Thinking outside the box on soil acidity
Author: Natalie Lee | Date: 05 May 2016
Alternatives to traditional lime products such as finer granulated limes, liquid limes and calcium nitrate as a fertiliser are being investigated as part of research looking at new ways to fast-track production gains from acidic soils.
A five-year project looking at new soil amendment options and tillage tactics for soil acidity is being conducted through the Grains Research and Development Corporation (GRDC) Soil Constraints – West initiative by the Department of Agriculture and Food (DAFWA) and The University of Western Australia (UWA).
DAFWA soil scientist Chris Gazey said that as well as testing alternative lime products, researchers would mix lime with organic substances, such as compost and crop residues, and assess the effects of gypsum and applying silicates (diatomaceous earth) on the soil surface and at depth.
“These treatments will be evaluated in glasshouse trials at UWA and the most promising will be tested at several field trial sites across the grainbelt, along with several soil disturbance treatments,” he said.
“These will include one-way and mouldboard ploughs and modified deep rippers with inclusion plates.”
Mr Gazey said glasshouse and field trial data would be used to assess the costs, crop yield advantages and residual benefits of different soil acidity amelioration options compared with untreated scenarios.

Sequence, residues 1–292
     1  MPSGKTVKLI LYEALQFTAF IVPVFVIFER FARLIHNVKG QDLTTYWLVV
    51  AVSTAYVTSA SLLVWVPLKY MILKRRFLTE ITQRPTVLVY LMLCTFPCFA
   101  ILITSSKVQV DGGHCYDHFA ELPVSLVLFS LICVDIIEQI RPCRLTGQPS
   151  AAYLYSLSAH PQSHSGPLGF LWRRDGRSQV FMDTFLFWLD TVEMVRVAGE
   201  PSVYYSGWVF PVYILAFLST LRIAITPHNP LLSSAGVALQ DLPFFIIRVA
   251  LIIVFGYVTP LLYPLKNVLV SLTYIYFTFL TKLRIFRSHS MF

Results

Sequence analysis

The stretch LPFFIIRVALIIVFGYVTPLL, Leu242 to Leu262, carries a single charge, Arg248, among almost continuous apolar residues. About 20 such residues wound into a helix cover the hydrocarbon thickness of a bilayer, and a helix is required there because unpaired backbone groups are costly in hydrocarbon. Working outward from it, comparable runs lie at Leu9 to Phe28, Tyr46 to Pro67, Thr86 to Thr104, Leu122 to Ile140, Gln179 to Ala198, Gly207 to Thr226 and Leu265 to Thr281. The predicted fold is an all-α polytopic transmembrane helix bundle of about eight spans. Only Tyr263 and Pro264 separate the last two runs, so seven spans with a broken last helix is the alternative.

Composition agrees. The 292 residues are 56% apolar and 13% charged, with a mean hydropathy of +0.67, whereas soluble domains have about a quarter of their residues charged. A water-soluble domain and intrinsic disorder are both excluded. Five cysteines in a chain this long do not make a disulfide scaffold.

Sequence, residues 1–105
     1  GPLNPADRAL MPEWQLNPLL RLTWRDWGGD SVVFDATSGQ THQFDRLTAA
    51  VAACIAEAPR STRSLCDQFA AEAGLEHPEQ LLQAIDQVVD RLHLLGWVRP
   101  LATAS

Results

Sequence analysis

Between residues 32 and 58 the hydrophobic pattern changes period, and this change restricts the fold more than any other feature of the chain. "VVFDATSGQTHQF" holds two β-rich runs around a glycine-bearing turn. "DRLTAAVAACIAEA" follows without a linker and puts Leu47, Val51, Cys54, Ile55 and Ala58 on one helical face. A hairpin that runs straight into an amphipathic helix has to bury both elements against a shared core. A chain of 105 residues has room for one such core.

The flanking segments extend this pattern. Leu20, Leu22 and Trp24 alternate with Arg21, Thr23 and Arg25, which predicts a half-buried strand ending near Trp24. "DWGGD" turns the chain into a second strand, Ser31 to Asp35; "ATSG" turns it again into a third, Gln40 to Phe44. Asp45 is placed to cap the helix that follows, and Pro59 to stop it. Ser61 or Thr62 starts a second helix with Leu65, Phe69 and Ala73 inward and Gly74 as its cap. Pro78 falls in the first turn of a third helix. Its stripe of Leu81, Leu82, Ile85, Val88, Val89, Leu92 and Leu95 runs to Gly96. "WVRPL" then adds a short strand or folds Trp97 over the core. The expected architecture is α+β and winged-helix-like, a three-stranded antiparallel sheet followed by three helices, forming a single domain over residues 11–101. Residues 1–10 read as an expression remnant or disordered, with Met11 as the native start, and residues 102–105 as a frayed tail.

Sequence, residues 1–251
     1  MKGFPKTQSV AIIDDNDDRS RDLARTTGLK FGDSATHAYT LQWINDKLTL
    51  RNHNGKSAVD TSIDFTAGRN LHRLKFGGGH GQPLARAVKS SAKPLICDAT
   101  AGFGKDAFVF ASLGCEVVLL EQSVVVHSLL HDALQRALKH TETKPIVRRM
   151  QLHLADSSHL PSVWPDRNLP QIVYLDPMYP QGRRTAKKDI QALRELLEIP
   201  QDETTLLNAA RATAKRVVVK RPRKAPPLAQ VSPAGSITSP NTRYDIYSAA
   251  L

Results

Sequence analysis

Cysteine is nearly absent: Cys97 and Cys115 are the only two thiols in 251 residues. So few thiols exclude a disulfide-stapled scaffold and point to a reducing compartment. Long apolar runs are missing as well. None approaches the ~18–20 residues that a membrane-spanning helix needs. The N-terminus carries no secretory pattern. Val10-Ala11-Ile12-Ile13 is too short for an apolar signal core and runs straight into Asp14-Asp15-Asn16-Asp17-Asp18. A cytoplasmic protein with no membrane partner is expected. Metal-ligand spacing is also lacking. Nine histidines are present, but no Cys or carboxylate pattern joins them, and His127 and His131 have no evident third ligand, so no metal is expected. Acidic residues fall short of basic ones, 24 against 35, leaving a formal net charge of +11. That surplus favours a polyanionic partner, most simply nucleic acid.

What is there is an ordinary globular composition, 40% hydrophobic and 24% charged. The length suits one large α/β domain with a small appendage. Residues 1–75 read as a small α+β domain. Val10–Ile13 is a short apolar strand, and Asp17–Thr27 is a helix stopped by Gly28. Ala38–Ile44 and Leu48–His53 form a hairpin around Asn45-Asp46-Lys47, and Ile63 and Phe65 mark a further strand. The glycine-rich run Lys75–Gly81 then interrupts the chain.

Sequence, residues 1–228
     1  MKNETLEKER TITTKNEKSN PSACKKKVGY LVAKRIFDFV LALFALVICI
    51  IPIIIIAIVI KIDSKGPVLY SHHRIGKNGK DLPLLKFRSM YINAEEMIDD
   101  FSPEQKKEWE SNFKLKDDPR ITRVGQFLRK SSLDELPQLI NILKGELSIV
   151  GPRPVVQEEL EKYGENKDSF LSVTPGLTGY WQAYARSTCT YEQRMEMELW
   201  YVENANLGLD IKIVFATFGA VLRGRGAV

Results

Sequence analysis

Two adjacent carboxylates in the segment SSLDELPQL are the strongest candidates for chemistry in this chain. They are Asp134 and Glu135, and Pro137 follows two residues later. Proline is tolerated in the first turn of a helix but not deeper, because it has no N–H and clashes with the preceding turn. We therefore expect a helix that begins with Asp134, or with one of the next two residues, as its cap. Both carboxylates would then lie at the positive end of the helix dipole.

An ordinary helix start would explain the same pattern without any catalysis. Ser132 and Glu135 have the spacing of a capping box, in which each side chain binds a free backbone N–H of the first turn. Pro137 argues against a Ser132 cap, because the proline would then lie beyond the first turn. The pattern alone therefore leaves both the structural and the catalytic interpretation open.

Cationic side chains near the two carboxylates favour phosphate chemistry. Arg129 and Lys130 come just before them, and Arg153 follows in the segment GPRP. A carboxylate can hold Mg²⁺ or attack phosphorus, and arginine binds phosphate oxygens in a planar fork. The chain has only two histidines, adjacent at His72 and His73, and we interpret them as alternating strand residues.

“The aim is to have a good understanding of the effectiveness and economic impact of various treatments over the long term,” he said.
“Meanwhile, the recommendation to growers is to soil test to depth and apply the appropriate rate of best value-for-money lime (lime sand, limestone or dolomite) adjusted for neutralising value and particle size, and to incorporate it whenever possible.”
GRDC Western Regional Panel member Gemma Walker said soil acidity was an important issue for WA growers including those in the Esperance region, where she farmed at Munglinup.
“Depending on farm location and access to quality lime sources, it can cost some WA growers upwards of $50 per tonne to purchase, transport and spread lime, which tends to take at least four to seven years to provide a return on investment when top-dressed at appropriate rates to improve pH sufficiently,” she said.
“Soil acidity and treatment options have been a frequently raised topic by growers consulted with during GRDC Western Regional Panel spring tours and other events.
“DAFWA estimates that more than 70 per cent of surface soils and half of subsoils across the WA grainbelt – about 14 million hectares – are affected by soil acidity that can reduce wheat yields by up to 13 per cent.”
Ms Walker said a recent GRDC-funded economic analysis of the impact and management of subsoil constraints in WA, conducted by DAFWA economist Elizabeth Peterson, found that subsoil acidity had the highest cost in lost production in average terms ($141/ha per year) and in total terms ($1.6 billion/year) compared with subsoil compaction and sodicity.
“The analysis assumed that only one constraint was acting at a time. In reality, these constraints rarely exist in isolation and the next phase of Soil Constraints – West will focus on how they interact and the amelioration of multiple constraints,” she said.
Ms Walker said Dr Peterson’s analysis also showed that liming to ameliorate soil acidity increased the indicative equivalent annual profit by $63/ha per year – with $11 returned for every $1 invested.
Gemma Walker, GRDC Western Regional Panel
0428 751 095
Chris Gazey, DAFWA
08 9690 2000, 0429 107 976
ContactNatalie Lee, Cox Inall Communications
08 9864 2034, 0427 189 827
GRDC Project Code DAW00252, DAW00236, DAW00238, DAW00242, RSS00010, CWF00019, SFS00026